Does Your Online Persona Work Against You?

If you have been reading my blog posts, by now you know that I encourage you to thoroughly prepare yourself for interview situations in several ways, including research, review, and taking appropriate action to communicate your value to employers.

While these are extremely important and can either make or break your chances of generating a job offer, the truth is, if you don’t refine and maintain a professional image long before the interview, you may never have the opportunity to walk through that door in the first place. Organizations today have many methods of screening applicants prior to ever contacting them to schedule an interview. One of the easiest and most obvious places for you to begin to control your image is right in front of you – the internet.

If you are using a social networking site like MySpace, Facebook, LinkedIn, ClassMates, or Twitter, or if you have a personal blog, it’s time to go over it with the same fine-toothed comb an employer would. Four out of five organizations now report that they routinely search these sites and Google candidates before contacting them for interviews. In addition, since many employers now monitor employees as well, it’s a wise practice to begin policing yourself now – after all, no one wants to get dooced (strong language caveat).

During a job search, you have by default become a salesperson, and your product is YOU. You have to develop an internal PR department to monitor that your every action, both online and in person, sends the correct message about your personal brand. It’s easy to unintentionally broadcast inappropriate, overly revealing, or negative messages about yourself on these sites if you fail to consider their value as branding tools. There is nothing professional about posting photos of your night life, vulgar language, or comments that reflect any potentially controversial beliefs or associations on these publicly accessible pages.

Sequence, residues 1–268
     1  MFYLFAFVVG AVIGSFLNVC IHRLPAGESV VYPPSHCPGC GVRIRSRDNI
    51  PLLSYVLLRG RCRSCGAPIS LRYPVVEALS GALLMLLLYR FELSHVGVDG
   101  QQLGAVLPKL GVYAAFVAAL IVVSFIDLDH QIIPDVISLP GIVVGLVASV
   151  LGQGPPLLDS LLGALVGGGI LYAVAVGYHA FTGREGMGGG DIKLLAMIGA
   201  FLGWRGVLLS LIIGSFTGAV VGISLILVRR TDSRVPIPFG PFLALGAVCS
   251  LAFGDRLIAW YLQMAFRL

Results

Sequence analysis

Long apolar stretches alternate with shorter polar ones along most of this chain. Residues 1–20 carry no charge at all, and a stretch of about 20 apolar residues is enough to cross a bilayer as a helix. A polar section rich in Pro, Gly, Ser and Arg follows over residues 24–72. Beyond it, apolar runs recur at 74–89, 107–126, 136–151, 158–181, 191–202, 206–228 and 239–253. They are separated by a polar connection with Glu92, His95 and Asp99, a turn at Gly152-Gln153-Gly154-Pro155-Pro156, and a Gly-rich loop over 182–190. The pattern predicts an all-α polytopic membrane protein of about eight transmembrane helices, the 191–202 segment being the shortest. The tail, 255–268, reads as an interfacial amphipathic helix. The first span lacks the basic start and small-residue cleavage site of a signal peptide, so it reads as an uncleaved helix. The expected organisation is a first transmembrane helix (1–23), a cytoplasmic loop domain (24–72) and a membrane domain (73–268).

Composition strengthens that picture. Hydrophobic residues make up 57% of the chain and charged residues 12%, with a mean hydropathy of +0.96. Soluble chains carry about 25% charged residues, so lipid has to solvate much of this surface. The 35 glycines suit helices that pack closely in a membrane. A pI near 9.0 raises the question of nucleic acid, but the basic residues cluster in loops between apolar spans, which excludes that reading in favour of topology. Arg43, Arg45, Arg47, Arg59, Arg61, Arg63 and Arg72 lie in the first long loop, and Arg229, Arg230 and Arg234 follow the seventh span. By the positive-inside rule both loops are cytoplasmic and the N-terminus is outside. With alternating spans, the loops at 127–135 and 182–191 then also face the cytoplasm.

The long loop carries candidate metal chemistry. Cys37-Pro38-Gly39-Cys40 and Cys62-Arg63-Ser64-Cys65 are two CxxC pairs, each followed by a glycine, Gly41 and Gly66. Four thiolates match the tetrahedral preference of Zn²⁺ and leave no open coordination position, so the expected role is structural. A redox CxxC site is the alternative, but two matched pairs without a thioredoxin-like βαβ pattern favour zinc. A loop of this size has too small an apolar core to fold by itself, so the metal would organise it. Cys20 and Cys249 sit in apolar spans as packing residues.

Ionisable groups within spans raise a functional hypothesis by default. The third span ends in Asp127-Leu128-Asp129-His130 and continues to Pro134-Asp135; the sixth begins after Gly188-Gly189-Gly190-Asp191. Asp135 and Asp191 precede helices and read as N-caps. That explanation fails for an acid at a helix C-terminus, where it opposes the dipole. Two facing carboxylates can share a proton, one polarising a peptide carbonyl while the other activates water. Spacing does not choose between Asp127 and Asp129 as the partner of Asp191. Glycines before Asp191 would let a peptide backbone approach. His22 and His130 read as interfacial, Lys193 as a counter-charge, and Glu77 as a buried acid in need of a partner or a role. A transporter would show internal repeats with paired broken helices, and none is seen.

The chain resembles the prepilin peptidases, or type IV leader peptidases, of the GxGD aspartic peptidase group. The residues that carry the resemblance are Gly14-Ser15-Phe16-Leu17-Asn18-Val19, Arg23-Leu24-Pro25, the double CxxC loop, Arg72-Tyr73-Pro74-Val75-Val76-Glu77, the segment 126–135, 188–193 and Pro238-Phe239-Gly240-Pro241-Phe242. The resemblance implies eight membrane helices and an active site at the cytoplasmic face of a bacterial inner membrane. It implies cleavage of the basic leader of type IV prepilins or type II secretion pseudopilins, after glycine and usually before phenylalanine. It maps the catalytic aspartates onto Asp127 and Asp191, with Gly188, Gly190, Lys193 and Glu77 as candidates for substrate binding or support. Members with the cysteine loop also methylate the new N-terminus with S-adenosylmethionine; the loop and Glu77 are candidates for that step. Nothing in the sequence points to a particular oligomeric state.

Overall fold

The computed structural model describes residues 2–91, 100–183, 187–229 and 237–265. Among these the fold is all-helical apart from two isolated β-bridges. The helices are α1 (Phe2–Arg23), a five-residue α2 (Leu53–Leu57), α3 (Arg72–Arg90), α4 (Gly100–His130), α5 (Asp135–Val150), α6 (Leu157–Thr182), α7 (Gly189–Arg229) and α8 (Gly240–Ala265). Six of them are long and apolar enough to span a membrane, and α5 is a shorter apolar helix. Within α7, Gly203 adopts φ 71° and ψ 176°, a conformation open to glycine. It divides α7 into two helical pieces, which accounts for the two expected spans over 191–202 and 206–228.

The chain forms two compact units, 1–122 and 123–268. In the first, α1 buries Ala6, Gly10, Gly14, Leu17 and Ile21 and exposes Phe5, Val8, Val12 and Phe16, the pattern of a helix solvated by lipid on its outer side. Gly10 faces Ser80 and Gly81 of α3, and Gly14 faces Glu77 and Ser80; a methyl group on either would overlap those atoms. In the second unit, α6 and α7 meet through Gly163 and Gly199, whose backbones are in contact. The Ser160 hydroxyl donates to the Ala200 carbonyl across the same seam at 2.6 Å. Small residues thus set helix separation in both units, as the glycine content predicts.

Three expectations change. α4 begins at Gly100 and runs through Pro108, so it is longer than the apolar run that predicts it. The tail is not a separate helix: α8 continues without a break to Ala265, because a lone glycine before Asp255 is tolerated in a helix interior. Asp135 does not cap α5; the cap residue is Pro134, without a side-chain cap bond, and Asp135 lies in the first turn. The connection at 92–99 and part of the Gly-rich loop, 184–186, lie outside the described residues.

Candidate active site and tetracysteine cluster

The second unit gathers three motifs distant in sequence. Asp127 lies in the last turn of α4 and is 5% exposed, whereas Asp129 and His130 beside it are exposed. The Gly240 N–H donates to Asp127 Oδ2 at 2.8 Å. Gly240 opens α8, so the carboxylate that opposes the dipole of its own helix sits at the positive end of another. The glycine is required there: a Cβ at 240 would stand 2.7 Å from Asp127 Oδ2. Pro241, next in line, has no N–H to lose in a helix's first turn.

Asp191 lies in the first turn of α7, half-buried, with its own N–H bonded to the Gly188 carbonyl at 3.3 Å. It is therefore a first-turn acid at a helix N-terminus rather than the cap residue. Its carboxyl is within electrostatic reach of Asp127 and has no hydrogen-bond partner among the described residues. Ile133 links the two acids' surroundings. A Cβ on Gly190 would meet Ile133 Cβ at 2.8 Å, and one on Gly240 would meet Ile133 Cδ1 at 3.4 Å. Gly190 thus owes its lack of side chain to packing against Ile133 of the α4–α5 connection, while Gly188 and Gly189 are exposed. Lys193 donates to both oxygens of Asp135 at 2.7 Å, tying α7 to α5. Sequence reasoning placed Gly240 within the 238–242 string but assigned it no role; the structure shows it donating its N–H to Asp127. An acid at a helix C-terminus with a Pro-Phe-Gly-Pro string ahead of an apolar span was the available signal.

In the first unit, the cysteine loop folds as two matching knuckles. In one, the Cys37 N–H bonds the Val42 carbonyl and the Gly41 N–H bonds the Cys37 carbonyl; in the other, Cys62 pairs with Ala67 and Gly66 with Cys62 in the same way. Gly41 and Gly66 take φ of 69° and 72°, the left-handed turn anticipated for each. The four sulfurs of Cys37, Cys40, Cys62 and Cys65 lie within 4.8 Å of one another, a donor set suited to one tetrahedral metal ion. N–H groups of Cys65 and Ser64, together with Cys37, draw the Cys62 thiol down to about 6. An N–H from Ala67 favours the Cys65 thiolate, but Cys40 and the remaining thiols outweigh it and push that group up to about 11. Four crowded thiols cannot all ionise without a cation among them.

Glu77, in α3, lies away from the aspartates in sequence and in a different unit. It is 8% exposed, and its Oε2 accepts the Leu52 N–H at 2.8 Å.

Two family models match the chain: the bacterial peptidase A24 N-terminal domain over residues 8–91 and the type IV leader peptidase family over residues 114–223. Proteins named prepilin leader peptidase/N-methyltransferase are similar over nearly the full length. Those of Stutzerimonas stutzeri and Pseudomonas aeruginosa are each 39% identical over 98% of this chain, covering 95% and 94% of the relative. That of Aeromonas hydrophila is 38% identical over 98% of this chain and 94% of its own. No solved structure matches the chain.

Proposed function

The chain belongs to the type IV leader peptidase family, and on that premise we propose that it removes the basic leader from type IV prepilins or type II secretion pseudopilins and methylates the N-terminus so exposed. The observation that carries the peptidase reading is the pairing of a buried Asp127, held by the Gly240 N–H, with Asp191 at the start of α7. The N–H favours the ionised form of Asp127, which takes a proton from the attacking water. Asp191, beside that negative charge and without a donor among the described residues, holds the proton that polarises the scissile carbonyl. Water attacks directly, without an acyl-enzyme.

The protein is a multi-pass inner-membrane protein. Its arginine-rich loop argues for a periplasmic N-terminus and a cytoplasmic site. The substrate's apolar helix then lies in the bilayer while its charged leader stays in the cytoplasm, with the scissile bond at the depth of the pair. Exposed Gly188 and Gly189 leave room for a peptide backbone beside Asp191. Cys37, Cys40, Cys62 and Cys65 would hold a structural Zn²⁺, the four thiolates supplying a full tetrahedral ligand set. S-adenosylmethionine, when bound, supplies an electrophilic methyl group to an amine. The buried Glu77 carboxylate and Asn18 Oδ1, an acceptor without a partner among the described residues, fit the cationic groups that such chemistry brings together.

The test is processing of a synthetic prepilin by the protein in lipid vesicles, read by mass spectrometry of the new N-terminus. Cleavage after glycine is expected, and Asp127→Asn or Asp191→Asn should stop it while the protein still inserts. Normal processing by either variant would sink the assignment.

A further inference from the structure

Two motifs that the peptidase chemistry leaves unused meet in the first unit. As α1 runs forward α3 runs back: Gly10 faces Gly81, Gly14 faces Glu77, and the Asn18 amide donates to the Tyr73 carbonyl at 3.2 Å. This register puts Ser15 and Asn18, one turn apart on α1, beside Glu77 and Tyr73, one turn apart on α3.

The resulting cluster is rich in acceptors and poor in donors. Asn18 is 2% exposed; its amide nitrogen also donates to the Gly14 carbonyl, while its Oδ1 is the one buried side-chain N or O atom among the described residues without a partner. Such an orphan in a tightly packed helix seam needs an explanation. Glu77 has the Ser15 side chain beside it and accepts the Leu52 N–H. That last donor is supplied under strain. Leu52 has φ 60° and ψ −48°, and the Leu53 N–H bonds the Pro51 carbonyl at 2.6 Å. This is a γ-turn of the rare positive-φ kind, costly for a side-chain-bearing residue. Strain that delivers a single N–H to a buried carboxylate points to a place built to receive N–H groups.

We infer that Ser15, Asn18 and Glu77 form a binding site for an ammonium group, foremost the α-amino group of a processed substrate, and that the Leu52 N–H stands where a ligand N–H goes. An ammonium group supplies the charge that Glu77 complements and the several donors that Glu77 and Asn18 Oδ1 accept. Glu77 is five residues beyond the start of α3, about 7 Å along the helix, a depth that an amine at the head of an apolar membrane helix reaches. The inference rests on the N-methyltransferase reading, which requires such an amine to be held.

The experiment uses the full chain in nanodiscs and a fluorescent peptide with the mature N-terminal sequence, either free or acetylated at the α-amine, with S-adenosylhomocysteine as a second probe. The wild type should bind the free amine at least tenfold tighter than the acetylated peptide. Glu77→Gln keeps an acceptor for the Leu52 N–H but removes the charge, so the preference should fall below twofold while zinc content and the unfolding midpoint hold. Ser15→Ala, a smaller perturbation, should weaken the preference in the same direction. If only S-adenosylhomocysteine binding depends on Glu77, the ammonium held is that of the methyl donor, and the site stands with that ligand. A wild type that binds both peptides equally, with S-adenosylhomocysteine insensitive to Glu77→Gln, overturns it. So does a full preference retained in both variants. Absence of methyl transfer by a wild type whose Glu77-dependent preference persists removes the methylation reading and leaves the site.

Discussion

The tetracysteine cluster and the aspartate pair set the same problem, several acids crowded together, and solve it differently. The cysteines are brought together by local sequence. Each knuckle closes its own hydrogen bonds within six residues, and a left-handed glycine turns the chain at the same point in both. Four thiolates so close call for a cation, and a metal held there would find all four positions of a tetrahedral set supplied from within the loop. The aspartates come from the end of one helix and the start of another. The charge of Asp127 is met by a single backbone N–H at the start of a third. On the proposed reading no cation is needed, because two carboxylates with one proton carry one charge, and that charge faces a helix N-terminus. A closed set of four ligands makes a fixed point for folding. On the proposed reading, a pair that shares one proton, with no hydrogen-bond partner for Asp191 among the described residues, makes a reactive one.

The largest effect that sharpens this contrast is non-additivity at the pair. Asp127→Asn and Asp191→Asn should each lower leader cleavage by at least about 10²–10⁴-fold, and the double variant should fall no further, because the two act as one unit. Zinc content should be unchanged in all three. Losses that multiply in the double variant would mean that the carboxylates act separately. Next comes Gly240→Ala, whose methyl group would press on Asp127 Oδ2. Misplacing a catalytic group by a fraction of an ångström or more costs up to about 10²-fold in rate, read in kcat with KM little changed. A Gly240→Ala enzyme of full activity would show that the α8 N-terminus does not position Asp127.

And remember – just because you may not be concerned about this now, doesn’t mean it may not be a major problem later in your career. A wise man has said- “Once on the internet, always on the internet” and truer words may never have been spoken. You forever lose control of the material you post, how it is used, and who sees it the moment you hit “enter’, so be judicious. Don’t forget to take the next step and click through to the sites of your online friends that may be linked to your page – they may have posted pictures or comments about you that could be damaging as well.

Beyond content, inferences can be drawn by your use of these sites. Updating all day every day with every minute detail of your life tells an employer something about how productive you’re likely to be. So too does having multiple sites and pages that need attention regularly, or content that is out of sync with the message you’re trying to send professionally. Beware also who and what you are linked to online – having a large number of friends with unsavory profiles, or linking only to celebrity gossip sites, for example, sends a message in and of itself.

Conversely, thoughtful use of the internet – having a large and relevant professional network and a businesslike, unique and thoughtful blog or website with a dedicated following, can be quite attractive to an employer. Your personal brand is made up not only of your accomplishments, but also of every single person, group, image, comment, and site you allow yourself to be associated with. Choose wisely.


Author:

Brent Peterson is the founder of Interview Angel (www.interviewangel.com), the most comprehensive guide to executing near flawless job interviews. Brent’s goal is to help all job seekers take proper action to display their value and fulfill their professional goals.

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